Efficiency and efficacy of the Service Complaints system imposed on the MOD following the suicides/unexplained deaths Deepcut, and widespread bullying, victimisation and harassment allegations
My reference: LSM/FOI/120909/17
Background. In the aftermath of the deaths of four recruits at Princess Royal Barracks, Deepcut, a number of reviews were carried out which severely criticised the British Army concerning its treatment of service personnel. Armed Forces Continuous Attitude Surveys (AFCAS) consistently indicate that actual levels of bullying are higher than reported levels (See for example Hansard, HC (2004-05) 63-II, pages 296-301 and HC (2004-05) 63-I, paras 267-274 for discussion on levels of bullying at training establishments), and that Service personnel do not report complaints because they do not believe they will be resolved: in December the 2004-April 2005 Armed Forces Continuous Attitude Survey, 35% of respondents chose not to complain of unfair treatment, discrimination, harassment or bullying because they ‘did not believe anything would be done...’. The same percentage of recipients did not complain because they ‘believed such a step would adversely affect...’ their career (Select Committee on Armed Forces, First Report, dated 26 Apr 06, Section 6 - Redress of complaints and Service inquiries). The Armed Forces Act 2006 introduced a Service Complaints system. This was considerably weaker than the ombudsman system which Nicholas Blake QC, who investigated the Deepcut deaths, recommended. The current system comprises investigations of the Army, by the Army and for the Army.
Further to s1(1) of the Freedom of Information Act 2000: For each of the three services, and for each of the years 2008-2012 (for 2012, please adopt whatever methodology is easiest for the department: i.e. Jan-Jun only, entire year to date, etc), please list:
a. The number of service complaints submitted, broken down in to those made under JSP 831 alone, or under JSPs 831 and 736 (i.e. bullying and harassment).
b. The number of service complaints resolved, broken down in to those which were upheld and those which were not.
c. The number of service complaints escalated to level 2, broken down in to those which were upheld and those which were not.
d. The number of service complaints escalated to a service complaints’ panel, broken down in to those which were upheld and those which were not.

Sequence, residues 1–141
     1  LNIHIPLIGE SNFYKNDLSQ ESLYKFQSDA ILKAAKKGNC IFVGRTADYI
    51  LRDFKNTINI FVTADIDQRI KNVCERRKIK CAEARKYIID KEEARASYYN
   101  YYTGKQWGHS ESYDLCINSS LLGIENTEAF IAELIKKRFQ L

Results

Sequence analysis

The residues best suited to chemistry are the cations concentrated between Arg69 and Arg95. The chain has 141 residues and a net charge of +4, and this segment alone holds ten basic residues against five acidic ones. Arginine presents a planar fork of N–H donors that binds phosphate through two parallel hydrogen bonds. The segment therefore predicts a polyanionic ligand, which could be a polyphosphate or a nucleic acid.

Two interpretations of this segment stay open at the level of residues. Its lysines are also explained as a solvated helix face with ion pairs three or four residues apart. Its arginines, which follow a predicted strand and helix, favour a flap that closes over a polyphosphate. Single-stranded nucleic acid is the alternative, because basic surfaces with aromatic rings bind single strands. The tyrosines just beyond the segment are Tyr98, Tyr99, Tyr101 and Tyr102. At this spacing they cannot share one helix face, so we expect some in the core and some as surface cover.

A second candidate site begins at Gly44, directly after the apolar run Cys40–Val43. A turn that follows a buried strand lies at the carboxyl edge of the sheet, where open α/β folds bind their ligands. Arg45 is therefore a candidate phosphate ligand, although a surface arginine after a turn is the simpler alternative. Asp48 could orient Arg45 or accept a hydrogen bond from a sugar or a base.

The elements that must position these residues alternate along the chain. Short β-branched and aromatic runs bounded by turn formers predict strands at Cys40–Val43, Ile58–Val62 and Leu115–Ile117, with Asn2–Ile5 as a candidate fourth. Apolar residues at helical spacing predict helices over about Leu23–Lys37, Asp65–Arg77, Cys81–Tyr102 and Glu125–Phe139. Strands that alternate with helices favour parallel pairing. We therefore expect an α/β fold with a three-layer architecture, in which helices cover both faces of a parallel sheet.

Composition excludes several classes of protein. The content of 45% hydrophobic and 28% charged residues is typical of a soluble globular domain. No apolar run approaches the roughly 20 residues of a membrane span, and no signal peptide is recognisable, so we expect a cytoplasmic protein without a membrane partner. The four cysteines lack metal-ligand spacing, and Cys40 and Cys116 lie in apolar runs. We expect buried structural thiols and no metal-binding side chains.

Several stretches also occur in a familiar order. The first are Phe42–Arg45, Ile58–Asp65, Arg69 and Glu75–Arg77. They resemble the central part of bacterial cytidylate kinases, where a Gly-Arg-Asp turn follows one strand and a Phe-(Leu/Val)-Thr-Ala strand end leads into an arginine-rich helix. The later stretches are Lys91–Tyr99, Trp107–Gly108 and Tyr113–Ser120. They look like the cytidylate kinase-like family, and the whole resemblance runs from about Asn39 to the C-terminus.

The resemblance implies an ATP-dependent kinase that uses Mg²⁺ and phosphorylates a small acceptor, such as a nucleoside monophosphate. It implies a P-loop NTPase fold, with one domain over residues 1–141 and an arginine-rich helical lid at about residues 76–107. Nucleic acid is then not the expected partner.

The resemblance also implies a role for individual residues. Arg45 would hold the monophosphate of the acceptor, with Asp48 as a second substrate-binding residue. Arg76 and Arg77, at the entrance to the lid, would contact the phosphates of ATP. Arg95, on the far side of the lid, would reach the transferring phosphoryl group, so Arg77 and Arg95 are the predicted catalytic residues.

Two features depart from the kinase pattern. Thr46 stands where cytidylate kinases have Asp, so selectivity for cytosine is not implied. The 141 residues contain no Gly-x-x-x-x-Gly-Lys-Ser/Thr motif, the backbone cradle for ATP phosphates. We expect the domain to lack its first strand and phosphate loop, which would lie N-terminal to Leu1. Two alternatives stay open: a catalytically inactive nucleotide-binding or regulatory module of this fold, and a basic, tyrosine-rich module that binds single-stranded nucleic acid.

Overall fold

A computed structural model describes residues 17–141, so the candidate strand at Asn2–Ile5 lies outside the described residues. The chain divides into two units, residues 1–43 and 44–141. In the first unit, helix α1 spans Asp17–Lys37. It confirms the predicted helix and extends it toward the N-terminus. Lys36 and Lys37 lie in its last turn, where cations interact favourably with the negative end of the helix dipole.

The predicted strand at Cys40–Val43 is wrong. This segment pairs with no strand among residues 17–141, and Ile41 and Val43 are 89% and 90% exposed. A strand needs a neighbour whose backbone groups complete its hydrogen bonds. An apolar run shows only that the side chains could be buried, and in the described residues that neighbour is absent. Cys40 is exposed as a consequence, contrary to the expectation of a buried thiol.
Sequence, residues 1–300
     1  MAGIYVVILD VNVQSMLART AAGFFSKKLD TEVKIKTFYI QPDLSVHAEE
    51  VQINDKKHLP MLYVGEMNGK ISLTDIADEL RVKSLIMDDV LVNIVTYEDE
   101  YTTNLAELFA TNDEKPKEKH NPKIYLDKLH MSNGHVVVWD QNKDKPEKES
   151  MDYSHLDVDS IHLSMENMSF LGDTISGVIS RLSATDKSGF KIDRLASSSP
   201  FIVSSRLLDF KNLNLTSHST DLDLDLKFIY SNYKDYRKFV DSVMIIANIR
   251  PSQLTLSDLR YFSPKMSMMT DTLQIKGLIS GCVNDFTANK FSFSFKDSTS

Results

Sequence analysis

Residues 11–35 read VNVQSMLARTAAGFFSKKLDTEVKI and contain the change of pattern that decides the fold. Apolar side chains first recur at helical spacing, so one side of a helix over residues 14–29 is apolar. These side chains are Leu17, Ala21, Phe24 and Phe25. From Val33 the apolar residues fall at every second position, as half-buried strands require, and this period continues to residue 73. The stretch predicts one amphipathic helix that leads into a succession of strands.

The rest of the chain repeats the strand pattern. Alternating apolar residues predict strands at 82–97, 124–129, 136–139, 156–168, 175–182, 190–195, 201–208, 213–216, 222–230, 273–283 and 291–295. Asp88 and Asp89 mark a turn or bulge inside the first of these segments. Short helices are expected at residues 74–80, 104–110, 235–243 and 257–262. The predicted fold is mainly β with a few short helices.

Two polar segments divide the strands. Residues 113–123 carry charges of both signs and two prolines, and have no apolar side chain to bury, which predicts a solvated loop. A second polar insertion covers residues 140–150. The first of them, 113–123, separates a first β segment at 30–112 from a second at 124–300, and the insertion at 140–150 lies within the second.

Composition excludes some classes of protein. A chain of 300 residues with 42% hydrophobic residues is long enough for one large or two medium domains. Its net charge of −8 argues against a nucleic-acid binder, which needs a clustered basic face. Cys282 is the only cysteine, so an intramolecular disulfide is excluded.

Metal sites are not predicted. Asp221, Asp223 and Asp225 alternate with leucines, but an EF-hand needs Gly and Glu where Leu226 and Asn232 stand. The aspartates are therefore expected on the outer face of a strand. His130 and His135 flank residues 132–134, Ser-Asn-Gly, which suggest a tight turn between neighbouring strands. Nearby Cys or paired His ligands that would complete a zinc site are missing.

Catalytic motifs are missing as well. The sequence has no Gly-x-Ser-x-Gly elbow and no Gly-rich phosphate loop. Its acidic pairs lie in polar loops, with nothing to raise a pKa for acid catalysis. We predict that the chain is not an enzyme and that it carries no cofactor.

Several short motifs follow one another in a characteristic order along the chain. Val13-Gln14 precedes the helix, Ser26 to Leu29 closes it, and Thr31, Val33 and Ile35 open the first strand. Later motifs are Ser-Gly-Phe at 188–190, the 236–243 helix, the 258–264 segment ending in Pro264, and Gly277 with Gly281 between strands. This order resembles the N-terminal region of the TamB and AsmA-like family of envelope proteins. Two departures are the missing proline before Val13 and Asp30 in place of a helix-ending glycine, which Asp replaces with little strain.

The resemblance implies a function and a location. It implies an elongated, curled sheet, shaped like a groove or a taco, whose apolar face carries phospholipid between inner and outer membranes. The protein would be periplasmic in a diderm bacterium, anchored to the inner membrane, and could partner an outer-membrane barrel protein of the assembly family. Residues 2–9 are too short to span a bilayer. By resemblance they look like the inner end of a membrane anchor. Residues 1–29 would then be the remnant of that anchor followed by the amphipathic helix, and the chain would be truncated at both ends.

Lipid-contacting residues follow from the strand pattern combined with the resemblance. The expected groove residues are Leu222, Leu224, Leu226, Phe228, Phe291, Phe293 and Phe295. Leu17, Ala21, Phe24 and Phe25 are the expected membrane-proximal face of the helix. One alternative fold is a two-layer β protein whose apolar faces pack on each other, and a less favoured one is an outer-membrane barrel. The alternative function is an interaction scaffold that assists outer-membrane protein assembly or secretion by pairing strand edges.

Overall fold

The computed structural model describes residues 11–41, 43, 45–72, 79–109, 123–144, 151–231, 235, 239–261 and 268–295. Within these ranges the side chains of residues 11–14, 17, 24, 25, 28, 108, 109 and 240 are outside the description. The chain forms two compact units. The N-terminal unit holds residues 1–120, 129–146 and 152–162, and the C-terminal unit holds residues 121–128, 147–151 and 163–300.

e. The average time taken from submission of a complaint until it is decided.
f. All information not already encompassed by (a)-(e) held by MOD, Army HQ, Navy Command, and HQ Air regarding the time taken for individual complaints to be resolved.
My preferred format to receive this information is by electronic means. If one part of this request can be answered sooner than others, please send that information first followed by any subsequent data. If you need any clarification of this request please feel free to email me. If FOI requests of a similar nature have already been asked could you please include your responses to those requests.
I note that under s16 of the Act, it is the MOD's duty to provide advice and assistance, so far as it would be reasonable to expect the authority to do so, to persons who make requests for information to it. Accordingly, if the MOD considers attempting to block release of information under s12 of the Act (exemption where cost of compliance exceeds appropriate limit), please a) provide a breakdown of costs, and b) explain what information *would* be releasable within the appropriate limit according to the department's purported calculations. I would, in that situation, apply for internal review, and ultimately apply for decision by the Information Commissioner, per s50 of the Act.
I would be grateful if you could confirm in writing that you have received this request, and I look forward to hearing from you within the 20-working day statutory time period.
Please see attached a reply to recent Freedom of Information Act Requests.
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